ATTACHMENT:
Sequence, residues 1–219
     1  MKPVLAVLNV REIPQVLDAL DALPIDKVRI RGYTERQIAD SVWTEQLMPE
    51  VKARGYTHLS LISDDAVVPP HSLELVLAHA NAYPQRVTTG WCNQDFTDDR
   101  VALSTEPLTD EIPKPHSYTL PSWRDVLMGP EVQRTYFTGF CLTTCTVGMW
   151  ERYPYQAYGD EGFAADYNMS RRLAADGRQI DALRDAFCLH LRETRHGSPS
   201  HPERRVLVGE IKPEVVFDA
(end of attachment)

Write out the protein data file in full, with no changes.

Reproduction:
Sequence, residues 1–219
     1  MKPVLAVLNV REIPQVLDAL DALPIDKVRI RGYTERQIAD SVWTEQLMPE
    51  VKARGYTHLS LISDDAVVPP HSLELVLAHA NAYPQRVTTG WCNQDFTDDR
   101  VALSTEPLTD EIPKPHSYTL PSWRDVLMGP EVQRTYFTGF CLTTCTVGMW
   151  ERYPYQAYGD EGFAADYNMS RRLAADGRQI DALRDAFCLH LRETRHGSPS
   201  HPERRVLVGE IKPEVVFDA